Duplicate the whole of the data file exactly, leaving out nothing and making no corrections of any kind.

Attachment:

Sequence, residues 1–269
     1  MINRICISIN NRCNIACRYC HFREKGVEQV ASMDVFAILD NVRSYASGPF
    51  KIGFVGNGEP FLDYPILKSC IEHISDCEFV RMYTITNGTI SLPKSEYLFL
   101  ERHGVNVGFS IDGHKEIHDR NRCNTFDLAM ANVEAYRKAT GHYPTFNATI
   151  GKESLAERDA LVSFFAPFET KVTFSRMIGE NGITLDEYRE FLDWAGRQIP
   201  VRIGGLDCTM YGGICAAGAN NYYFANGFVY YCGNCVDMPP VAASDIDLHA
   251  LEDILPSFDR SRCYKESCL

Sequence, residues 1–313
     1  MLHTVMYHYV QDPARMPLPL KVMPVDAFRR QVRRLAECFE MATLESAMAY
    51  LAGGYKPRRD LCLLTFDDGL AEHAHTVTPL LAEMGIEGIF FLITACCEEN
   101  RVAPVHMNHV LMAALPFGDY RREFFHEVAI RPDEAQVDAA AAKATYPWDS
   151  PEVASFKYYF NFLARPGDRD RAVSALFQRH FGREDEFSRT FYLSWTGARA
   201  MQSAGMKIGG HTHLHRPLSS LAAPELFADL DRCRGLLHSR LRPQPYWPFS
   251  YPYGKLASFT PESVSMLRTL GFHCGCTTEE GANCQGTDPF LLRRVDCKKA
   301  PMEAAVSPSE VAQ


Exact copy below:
Sequence, residues 1–269
     1  MINRICISIN NRCNIACRYC HFREKGVEQV ASMDVFAILD NVRSYASGPF
    51  KIGFVGNGEP FLDYPILKSC IEHISDCEFV RMYTITNGTI SLPKSEYLFL
   101  ERHGVNVGFS IDGHKEIHDR NRCNTFDLAM ANVEAYRKAT GHYPTFNATI
   151  GKESLAERDA LVSFFAPFET KVTFSRMIGE NGITLDEYRE FLDWAGRQIP
   201  VRIGGLDCTM YGGICAAGAN NYYFANGFVY YCGNCVDMPP VAASDIDLHA
   251  LEDILPSFDR SRCYKESCL

Sequence, residues 1–313
     1  MLHTVMYHYV QDPARMPLPL KVMPVDAFRR QVRRLAECFE MATLESAMAY
    51  LAGGYKPRRD LCLLTFDDGL AEHAHTVTPL LAEMGIEGIF FLITACCEEN
   101  RVAPVHMNHV LMAALPFGDY RREFFHEVAI RPDEAQVDAA AAKATYPWDS
   151  PEVASFKYYF NFLARPGDRD RAVSALFQRH FGREDEFSRT FYLSWTGARA
   201  MQSAGMKIGG HTHLHRPLSS LAAPELFADL DRCRGLLHSR LRPQPYWPFS
   251  YPYGKLASFT PESVSMLRTL GFHCGCTTEE GANCQGTDPF LLRRVDCKKA
   301  PMEAAVSPSE VAQ